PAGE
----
Thursday, October 25, 2007

Fashion Trends

(NB:Bear with my descriptions, I'm no fashionisto either.)

Styles of dress in China easily identify various socio-economic classes. The poorest people in China live in the countryside. Other than Tibetans, and the women of a few other minorities, China's peasants don't usually wear traditional dress. Today, plastic flip-flops, army surplus jackets, and bland t-shirts are the norm. Hair worn up in a pink towel may sometimes be substituted for a traditional headdress. The next rung up the ladder (barely up the ladder, and on a precarious and dangerously overstrained rung at that) are migrant labor that have recently come to the city. Their attire is about the same as their cousins in the countryside, because they probably shop at the same second-hand clothing markets.

Soon after arriving in the big city, however, the lower class tends (oddly) to dress in a full business suit, usually black or charcoal grey. True, the suit jacket is almost always too large, the slacks stained. The shiny black shoes of the would-be social-climber must be the main source of income for all those street shoe polishers. Seeing immediately identifiable over-dressed plebs, I can only liken them to the (perhaps cleaner, but not better dressed) Communist Party dinosaurs that often found hawking a loogie at all the finer resorts and tourist traps of China. I suppose that mimicry is the truest form of flattery, as they say.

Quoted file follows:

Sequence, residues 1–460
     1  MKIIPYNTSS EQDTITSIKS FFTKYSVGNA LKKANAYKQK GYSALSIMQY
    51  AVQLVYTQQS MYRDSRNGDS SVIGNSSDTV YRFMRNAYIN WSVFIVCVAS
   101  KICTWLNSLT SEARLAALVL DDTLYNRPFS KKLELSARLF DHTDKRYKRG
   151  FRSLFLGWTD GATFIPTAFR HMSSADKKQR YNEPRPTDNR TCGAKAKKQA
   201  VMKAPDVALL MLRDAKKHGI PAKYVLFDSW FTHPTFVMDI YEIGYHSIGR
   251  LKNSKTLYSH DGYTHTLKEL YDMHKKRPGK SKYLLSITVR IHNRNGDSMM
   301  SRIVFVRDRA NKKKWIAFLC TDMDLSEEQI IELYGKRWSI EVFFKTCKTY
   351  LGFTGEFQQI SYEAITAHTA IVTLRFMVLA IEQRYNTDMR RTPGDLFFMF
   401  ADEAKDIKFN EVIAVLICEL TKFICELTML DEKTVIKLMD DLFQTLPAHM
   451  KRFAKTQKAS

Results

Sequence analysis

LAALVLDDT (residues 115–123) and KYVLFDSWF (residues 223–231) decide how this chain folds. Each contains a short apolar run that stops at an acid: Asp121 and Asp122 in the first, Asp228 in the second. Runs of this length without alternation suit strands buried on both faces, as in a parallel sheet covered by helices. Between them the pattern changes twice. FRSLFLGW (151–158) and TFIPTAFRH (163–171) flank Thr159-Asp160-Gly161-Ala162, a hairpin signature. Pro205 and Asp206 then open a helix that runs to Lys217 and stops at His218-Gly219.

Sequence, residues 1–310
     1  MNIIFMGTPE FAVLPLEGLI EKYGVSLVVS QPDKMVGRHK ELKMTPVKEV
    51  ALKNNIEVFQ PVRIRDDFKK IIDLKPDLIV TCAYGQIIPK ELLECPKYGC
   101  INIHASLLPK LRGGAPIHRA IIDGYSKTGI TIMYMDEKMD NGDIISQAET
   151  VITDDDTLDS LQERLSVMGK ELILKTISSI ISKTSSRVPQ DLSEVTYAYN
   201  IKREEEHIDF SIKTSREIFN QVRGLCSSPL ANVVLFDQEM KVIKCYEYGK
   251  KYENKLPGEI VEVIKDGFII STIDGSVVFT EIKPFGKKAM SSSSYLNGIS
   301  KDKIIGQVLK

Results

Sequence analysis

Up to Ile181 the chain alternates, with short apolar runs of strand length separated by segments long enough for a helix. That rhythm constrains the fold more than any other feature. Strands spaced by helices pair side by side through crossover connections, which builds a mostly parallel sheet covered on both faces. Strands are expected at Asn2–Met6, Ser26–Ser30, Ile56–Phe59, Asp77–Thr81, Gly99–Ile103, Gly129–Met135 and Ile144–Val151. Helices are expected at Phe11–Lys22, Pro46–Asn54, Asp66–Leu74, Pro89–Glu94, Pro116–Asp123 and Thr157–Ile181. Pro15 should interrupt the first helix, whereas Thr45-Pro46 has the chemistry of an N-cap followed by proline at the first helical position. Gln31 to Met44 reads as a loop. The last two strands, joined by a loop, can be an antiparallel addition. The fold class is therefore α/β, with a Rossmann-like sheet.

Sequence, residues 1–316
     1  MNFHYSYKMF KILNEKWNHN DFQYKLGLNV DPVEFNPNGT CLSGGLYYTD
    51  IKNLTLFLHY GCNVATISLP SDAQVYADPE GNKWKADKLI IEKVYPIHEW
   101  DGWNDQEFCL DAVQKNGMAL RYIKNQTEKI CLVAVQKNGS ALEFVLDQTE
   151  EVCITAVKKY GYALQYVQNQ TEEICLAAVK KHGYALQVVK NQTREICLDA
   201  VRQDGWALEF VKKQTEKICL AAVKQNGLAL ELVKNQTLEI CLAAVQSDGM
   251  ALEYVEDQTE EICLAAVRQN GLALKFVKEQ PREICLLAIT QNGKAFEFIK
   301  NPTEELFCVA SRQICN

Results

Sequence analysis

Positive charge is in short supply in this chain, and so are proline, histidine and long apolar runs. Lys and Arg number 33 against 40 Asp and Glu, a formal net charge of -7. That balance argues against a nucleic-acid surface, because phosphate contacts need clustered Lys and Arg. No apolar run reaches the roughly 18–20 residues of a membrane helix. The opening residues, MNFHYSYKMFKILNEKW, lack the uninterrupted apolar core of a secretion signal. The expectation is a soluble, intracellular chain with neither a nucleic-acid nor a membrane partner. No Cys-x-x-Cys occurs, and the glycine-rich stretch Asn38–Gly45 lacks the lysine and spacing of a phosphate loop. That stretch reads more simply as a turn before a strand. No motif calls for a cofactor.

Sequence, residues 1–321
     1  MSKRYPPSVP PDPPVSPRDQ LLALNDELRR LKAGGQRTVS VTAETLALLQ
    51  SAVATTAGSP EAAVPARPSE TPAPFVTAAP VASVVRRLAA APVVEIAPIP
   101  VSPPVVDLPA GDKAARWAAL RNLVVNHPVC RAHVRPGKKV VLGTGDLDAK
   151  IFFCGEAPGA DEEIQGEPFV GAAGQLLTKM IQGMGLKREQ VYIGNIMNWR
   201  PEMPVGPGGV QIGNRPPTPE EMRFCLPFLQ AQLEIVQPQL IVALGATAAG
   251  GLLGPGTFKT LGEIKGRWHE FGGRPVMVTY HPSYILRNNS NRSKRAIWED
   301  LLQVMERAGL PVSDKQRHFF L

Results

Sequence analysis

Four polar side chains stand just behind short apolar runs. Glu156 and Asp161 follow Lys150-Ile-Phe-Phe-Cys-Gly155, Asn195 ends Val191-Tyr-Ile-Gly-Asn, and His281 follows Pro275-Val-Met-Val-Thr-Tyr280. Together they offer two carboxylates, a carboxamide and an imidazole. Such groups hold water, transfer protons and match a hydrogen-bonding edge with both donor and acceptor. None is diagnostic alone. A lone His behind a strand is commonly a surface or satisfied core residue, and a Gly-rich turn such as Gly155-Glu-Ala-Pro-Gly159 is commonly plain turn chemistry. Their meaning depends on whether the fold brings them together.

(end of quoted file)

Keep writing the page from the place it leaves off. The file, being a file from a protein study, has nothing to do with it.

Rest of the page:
The middle class, by contrast, can be more accurately described as a fashion zoo: all the strangest clothing ideas that Chinese fashion designers can shove out the door are displayed each day on the average urban teenager or blue-collar folk. Polka dots and candy stripes, crimes against the English language printed proudly across the front and back of T-shirts and on the seats of pants, absurb copyright infringements (Mickey and Spiderman conspire to switch identities), clothy tentacles that apparently serve no practical purpose, kitsche and glitter taken to new vainglorious dimensions. You get the idea. China's domestic clothing industry relies on this daring (or tasteless) demographic.

The upper class (that is the young pampered spawn of dinosaurs as well as the new industrialists) are by far the best dressers. I'm no great judge of such matters, in fact, but Asian friends in college always used to joke that the easiest way to tell a Chinese from a Korean or a Japanese was the tasteless manner of dress. I would suggest to them now, that they might have difficulty telling the difference with this new, cosmopolitan uppercrust gradually moving radpidly away from its nouveau riche baby years, much less the more distant, mao-suited past.

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